This Is Important?

I am a fan of baseball, and I'm troubled about recent allegations of steroid use among a number of players. Still, I'm a little surprised that Congress sees this as an important priority.

There has to be something else for our representatives to do, right? I don't know, how about social security? There's always healthcare. Or, if they're all feeling really productive, they could always balance the budget.

But no, in today's day and age, steroids are too serious an issue for Congress to ignore. Apparently, our representatives on the Hill can't sleep if a problem exists that the Feds don't have their hands in.

MyWayNews Article

Seven players, including Sosa and McGwire--though strangely not Bonds--have been subpoenaed and, at least according to one Congressman, may face jail time if they fail to show.

The reasoning behind this massive waste of time: "baseball's steroid problem was part of a growing public health crisis that threatens children." Ah, yes, the classic, "it's for the kids" card. I'm not sure when it became government policy to worry about children's role models. Last I checked, that wasn't covered in the Constitution.

Not that we care about that archaic document anymore.

It'd be nice if our representatives, I don't know, did something important and/or useful for a change. I'll try not to be unduly idealistic.

Maybe I should just be happy, they're not actually "working". When that happens, they end up spending our money. I'd rather keep mine.

After all, baseball starts in a couple of weeks and I don't have tickets yet.

Name Calling

Here's something from one of my fellow bloggers:

His "A Brief Look at the Right-Wing Media" post is, well, slightly less than provacative.

So Loyal Achates is a bit more liberal than I am. His qualms with the "right-wing media" are valid. On both sides of the aisle, there are going to be partisan hacks. But does that mean that conservatives are "mentally ill", "crypto-nazis", "whores", etc.?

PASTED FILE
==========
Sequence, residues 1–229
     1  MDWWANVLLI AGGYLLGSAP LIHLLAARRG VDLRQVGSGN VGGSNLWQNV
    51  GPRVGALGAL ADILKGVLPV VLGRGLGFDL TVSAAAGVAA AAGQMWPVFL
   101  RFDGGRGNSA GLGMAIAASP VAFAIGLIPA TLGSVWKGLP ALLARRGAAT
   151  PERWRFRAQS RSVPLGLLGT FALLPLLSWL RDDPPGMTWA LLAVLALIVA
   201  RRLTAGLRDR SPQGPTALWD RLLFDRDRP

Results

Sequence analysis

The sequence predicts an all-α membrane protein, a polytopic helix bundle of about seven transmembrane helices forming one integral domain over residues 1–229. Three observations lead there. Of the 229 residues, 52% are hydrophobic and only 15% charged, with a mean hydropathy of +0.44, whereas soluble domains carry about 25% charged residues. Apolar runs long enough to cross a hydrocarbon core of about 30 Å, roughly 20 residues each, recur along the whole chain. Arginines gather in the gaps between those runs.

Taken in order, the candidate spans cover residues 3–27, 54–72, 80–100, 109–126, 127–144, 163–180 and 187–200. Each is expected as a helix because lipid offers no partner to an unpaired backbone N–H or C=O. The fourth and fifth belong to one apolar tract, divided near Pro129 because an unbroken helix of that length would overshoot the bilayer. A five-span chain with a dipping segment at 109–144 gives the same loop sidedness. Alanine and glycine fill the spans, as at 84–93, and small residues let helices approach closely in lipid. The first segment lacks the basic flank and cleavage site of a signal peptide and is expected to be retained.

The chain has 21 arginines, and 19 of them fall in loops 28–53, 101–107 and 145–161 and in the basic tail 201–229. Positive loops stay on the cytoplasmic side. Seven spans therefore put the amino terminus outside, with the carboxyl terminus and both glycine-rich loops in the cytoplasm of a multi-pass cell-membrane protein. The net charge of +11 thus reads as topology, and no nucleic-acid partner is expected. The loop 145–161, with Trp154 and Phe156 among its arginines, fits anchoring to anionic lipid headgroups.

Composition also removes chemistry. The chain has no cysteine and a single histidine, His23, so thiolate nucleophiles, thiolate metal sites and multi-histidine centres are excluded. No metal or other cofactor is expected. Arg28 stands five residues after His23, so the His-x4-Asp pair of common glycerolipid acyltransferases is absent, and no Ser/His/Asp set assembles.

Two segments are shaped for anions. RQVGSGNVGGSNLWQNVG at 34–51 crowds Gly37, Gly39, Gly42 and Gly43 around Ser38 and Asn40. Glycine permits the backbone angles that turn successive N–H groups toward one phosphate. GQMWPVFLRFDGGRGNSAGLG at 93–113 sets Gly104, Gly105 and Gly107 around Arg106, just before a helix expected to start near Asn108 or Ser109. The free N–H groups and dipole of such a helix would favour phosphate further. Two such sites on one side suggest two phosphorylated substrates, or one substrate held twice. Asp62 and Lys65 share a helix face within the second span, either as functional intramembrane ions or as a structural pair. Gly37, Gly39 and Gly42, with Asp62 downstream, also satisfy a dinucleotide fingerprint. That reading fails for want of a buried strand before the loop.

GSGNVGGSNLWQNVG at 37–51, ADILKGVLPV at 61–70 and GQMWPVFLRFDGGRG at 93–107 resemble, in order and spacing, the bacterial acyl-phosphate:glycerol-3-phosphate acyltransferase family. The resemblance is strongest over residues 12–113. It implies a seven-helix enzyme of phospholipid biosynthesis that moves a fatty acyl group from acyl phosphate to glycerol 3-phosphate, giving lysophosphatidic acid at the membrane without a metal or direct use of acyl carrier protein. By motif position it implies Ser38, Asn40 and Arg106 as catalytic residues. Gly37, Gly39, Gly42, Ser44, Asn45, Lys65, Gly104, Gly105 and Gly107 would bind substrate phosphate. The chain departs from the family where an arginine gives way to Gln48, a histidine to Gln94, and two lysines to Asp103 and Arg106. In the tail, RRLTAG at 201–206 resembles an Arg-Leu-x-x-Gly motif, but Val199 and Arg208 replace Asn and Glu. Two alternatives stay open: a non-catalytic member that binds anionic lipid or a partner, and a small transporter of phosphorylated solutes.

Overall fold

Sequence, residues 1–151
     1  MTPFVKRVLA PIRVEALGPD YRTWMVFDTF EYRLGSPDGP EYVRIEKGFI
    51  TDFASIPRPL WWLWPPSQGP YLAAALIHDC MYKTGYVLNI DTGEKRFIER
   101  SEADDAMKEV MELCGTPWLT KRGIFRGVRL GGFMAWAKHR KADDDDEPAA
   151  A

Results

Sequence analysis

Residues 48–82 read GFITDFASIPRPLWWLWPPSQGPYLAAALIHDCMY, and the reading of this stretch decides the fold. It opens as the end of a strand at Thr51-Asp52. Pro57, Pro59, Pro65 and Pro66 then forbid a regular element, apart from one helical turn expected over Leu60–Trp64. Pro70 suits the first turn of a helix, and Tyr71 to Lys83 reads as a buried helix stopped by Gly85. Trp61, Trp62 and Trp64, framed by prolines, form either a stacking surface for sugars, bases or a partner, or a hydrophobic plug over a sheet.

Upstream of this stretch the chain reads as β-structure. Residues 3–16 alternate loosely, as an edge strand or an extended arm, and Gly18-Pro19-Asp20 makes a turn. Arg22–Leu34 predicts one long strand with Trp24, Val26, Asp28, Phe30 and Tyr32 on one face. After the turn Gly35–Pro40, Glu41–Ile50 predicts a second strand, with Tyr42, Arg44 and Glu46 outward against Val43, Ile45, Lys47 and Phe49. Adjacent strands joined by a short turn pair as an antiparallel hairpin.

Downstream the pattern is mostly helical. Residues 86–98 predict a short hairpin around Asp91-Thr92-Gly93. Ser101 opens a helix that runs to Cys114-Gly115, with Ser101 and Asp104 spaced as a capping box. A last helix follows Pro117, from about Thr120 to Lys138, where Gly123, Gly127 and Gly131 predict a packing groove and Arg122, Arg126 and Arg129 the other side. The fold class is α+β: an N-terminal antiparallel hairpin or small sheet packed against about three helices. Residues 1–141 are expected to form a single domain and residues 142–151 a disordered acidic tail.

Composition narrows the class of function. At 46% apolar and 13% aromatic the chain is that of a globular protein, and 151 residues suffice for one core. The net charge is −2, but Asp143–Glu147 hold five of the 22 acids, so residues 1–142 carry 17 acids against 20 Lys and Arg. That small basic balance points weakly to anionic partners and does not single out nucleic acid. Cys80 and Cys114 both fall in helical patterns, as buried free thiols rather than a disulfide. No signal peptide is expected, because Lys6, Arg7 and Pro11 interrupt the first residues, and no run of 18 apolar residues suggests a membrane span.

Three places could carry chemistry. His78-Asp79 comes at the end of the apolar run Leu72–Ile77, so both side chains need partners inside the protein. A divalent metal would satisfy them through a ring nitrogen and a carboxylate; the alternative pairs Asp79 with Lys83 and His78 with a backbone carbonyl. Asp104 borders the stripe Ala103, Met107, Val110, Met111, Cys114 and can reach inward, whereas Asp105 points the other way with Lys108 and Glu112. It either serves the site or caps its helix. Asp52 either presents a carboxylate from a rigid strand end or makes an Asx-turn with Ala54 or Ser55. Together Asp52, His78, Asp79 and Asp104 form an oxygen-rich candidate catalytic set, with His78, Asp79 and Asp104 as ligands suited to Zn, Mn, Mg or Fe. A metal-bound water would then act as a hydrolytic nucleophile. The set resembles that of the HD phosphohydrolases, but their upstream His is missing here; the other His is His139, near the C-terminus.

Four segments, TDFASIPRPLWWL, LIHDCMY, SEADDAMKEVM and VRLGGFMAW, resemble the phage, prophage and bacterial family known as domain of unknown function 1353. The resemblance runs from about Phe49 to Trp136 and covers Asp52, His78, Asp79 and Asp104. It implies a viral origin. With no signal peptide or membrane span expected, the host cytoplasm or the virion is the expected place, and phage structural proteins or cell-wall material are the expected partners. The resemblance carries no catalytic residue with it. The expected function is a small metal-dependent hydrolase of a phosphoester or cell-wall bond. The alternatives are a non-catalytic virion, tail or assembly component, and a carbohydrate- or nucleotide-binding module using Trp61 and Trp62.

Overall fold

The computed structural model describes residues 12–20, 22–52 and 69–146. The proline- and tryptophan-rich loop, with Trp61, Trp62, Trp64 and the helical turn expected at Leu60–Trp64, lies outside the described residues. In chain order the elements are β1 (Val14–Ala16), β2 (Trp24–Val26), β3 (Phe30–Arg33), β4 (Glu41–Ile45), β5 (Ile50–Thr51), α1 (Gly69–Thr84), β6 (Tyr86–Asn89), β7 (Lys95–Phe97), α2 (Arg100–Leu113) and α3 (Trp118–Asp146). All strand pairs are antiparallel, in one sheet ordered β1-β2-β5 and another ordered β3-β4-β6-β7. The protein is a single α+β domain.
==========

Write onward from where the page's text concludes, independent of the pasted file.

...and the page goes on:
Such claims are mindless and absurd. It does no good to resort to name-calling. If the right-wingers are as he claims, he shouldn't even dignify them with verbal abuse.

Much like the hand-ringing over Michael Moore by talk radio pundits, the hosts expose their fear of Moore's power by even talking about him. If Moore's rhetoric is made up of lies, than it will be ineffective. Calling Moore fat and stupid is a waste of time and a classless act.

All of this finger-pointing gets in the way of what both sides should want, but secretly don't: an open and free dialogue on the issues. Unfortunatley, most of us would rather cling to our own biases and paint those who diagree as ignorant boobs than explain why they are wrong.

If you diagree with me, you're stupid.

Wednesday, March 02, 2005

Dean Update

I can't say I agree with him, but my respect for Howard Dean is growing. In Jackson, Mississippi as the new chairman of the DNC, Dean said, "The way we're going to win elections in this country is not to become Republican lite. The way we're going to win elections in this country is to stand up for what we believe in."

I wish the Republicans would try that. Although our perspectives are different by quite a bit, I agree with Dean that the Republicans and the Democrats are all too similar.

The Democrats have always enjoyed spending taxpayer money on social programs, at least since FDR. Why then have the Republicans balked on their principles to try to outspend the Dems?

We don't need another Democratic party. The party of Lincoln and R
Eisenhower and Goldwater, has always accepted the task of being the more fiscally responsible party. Has Bush forgotten, or does he believe, as does Cheney, that "deficits do not matter."

Deficits do matter, and so do principles. If Dean rallies the Democrats and usurps Republican power, the Republicans will have only themselves to blame. And though I'm not rooting for him, it is nice to have a leader, who at least claims to stand up for what he says.